SALT LAKE CITY — Amid a few playful wolf howls by legislators, the Utah House of Representatives voted 54-13 on Friday to approve a resolution prohibiting the “artificial” introduction of the predator into Utah.
HCR19M, sponsored by Rep. Logan Wilde, R-Croydon, makes clear Utah does not want wolves and does not want to go the way of its neighbor, Colorado, which has a voter initiative later this year on the ballot for the introduction of wolves into the state.
“What Colorado is doing will have impacts on us in this state,” said Rep. Casey Snider, R-Paradise, who said he strongly supports the resolution and is in “stark opposition” to the Colorado initiative.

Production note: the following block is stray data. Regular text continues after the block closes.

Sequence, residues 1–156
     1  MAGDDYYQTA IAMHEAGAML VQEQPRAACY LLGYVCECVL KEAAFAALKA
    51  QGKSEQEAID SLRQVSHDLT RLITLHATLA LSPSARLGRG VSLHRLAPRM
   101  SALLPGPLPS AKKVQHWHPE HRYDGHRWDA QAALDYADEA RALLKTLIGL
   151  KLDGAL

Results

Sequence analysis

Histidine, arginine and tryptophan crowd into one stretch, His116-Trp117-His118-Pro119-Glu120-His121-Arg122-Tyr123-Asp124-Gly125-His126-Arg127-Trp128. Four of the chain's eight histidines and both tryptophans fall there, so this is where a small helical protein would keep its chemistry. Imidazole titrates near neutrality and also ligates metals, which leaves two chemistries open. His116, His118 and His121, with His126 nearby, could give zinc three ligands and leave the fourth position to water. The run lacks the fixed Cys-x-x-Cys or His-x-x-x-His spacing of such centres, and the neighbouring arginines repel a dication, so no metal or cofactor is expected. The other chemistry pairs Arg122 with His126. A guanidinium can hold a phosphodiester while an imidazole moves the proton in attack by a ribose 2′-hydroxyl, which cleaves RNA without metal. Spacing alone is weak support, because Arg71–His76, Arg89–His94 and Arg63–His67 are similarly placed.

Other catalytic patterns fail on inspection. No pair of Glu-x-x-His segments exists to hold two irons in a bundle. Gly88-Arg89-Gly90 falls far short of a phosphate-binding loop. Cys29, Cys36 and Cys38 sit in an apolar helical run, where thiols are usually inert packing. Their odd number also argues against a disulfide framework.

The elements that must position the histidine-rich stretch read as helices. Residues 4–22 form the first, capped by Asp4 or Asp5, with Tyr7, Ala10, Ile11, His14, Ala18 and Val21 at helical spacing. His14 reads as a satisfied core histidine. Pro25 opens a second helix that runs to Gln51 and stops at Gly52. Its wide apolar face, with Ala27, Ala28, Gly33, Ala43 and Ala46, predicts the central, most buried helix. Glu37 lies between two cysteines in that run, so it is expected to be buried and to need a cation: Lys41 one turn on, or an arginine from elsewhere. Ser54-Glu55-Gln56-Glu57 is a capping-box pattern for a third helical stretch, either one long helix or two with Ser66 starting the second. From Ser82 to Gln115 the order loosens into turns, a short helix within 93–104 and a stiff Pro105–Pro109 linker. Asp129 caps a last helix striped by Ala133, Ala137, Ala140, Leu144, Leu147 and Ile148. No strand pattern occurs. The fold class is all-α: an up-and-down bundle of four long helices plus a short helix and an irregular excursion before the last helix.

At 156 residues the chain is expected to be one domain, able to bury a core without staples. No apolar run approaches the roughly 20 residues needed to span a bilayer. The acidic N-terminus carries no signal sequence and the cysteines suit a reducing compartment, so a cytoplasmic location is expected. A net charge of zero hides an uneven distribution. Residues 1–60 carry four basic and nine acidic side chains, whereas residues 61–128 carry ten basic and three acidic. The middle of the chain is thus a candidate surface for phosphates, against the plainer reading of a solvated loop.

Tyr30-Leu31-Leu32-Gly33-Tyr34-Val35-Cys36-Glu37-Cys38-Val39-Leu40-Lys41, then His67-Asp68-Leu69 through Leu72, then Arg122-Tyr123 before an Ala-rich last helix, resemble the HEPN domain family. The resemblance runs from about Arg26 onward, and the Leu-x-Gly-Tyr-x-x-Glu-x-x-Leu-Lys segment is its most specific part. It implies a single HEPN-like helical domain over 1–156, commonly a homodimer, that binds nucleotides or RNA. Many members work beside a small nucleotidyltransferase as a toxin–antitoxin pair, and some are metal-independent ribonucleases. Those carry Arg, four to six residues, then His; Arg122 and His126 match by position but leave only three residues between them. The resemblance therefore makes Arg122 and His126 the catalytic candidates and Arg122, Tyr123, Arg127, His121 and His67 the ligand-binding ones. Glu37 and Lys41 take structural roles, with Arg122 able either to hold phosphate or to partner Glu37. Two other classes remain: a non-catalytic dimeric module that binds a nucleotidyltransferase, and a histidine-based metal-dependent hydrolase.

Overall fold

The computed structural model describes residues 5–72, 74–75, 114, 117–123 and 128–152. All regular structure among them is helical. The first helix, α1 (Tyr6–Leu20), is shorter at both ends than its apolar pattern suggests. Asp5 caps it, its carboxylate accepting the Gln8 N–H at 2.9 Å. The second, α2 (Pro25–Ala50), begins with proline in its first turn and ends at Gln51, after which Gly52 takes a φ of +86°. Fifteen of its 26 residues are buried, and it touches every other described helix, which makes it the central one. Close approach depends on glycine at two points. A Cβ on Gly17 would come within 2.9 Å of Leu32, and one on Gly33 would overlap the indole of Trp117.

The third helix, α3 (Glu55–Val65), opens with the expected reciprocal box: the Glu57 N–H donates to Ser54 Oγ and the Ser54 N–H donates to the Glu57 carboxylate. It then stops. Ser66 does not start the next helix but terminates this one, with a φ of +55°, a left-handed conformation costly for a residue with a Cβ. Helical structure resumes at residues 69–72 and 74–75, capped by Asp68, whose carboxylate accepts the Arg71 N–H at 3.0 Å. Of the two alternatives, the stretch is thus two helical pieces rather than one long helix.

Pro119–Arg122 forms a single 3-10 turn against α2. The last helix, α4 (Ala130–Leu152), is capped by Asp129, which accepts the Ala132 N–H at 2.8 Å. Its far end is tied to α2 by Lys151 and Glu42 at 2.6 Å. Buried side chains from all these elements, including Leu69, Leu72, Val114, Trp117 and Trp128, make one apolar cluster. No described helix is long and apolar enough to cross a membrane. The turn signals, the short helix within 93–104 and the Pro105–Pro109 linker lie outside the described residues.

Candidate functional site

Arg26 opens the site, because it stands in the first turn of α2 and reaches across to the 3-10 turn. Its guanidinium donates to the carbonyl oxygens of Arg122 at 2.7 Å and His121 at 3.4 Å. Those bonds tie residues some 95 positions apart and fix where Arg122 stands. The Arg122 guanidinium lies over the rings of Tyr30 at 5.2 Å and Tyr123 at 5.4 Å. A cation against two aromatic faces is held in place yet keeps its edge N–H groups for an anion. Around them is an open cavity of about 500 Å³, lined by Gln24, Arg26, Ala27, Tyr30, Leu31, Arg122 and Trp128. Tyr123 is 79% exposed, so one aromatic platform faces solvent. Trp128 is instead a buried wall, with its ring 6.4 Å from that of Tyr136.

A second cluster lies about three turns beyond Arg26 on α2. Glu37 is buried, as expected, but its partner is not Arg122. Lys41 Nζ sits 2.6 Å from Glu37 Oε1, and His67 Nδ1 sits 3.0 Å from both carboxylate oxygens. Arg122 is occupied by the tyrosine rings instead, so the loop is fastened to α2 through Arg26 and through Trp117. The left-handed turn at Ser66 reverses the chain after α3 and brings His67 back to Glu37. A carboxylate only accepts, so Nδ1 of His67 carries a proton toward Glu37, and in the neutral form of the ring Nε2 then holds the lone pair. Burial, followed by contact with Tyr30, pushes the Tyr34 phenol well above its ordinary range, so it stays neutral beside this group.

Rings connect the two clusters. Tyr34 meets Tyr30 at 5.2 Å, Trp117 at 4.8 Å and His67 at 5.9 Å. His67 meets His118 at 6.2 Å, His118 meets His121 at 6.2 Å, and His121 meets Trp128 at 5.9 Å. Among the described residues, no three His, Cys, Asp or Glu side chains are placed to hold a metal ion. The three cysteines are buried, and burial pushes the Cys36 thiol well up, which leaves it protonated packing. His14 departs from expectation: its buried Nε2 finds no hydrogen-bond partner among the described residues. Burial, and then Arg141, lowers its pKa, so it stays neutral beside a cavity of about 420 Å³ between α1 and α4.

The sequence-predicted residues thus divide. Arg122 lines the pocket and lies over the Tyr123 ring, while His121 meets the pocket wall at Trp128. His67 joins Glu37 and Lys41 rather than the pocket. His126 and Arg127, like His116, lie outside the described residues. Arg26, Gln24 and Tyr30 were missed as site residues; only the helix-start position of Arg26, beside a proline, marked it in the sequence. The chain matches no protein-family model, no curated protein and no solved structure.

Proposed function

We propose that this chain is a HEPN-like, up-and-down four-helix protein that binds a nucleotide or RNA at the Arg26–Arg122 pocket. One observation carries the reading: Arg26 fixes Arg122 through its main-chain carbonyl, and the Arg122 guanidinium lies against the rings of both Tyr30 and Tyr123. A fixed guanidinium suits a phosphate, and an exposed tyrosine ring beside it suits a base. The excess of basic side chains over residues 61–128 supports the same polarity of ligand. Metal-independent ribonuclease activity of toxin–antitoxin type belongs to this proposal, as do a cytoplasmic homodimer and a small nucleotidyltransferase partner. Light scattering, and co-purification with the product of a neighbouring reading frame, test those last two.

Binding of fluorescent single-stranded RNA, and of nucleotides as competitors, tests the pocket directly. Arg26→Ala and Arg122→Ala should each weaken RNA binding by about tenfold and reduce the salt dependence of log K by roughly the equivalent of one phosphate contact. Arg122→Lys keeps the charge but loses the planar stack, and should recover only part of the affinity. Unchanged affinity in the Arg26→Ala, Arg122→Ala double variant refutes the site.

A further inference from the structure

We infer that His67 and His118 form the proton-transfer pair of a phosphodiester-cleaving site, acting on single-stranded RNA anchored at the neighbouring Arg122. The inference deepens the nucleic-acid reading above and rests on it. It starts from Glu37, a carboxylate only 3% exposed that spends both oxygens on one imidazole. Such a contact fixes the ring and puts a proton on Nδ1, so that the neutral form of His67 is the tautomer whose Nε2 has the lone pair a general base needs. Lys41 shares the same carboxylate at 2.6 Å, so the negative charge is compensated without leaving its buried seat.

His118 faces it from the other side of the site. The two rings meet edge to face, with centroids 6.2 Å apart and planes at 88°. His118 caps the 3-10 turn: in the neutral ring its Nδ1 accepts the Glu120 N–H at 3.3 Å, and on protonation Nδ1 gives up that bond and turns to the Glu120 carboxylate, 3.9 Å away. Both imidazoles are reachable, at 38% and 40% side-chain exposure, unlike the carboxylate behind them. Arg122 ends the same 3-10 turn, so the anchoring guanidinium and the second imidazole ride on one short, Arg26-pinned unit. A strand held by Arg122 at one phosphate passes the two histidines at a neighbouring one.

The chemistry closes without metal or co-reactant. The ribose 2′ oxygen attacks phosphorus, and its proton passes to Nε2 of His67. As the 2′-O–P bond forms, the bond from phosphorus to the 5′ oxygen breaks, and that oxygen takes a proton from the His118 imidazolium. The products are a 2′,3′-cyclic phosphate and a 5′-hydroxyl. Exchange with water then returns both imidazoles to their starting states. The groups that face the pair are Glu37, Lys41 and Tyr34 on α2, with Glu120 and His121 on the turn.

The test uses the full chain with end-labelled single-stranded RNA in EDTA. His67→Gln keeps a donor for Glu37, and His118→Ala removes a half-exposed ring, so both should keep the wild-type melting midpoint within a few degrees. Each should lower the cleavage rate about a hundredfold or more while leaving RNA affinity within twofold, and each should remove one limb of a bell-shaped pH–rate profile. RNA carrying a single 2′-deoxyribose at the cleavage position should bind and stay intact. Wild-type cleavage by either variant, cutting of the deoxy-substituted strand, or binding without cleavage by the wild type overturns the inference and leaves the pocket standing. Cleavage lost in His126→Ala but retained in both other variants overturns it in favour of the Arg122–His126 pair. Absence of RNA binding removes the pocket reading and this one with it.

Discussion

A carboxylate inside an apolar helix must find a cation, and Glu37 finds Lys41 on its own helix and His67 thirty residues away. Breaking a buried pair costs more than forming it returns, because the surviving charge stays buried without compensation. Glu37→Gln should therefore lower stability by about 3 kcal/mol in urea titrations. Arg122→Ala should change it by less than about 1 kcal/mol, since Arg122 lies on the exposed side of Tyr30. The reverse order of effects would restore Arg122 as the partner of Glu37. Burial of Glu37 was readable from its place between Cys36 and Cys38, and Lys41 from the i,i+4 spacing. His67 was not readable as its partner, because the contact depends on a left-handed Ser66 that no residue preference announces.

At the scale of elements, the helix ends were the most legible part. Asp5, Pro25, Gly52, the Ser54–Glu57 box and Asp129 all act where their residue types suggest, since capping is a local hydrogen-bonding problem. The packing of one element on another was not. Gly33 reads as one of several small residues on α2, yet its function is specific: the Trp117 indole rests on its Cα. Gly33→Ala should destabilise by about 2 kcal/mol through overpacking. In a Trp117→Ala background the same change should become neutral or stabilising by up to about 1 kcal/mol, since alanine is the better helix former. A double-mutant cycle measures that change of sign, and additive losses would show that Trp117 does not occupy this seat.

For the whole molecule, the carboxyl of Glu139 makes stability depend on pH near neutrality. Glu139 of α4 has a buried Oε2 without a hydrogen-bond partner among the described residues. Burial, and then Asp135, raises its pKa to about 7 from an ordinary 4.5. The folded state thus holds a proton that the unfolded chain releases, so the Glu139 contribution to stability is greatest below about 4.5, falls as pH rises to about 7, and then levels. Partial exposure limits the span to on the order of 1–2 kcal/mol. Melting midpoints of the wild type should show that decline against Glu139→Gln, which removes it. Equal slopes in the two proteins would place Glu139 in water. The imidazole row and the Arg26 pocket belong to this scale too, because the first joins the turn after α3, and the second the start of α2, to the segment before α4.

Wilde said it is important to leave the management of species to the Utah Division of Wildlife Resources, which monitors big game populations and other animals in a comprehensive wildlife plan.
“The concerns we have is every time someone introduces something artificially without science behind it ... we end up having to go in and declare that an invasive species,” Wilde said.
There are no documented cases of wolves presently in Utah.
Wilde said there are populations of the Mexican gray wolf south of Utah and the Rocky Mountain wolf north of the state, which serves as a buffer zone.
“What science has added is that if these two wolves start to co-mingle, breed together there will be a hybrid come out of this,” Wilde said.
Rep. Cory Maloy, R-Lehi, had concerns over the resolution.
“I am not sure I feel comfortable restricting the natural wolf (that) would be in this state or this area,” Maloy said.
The measure now moves to the Utah Senate.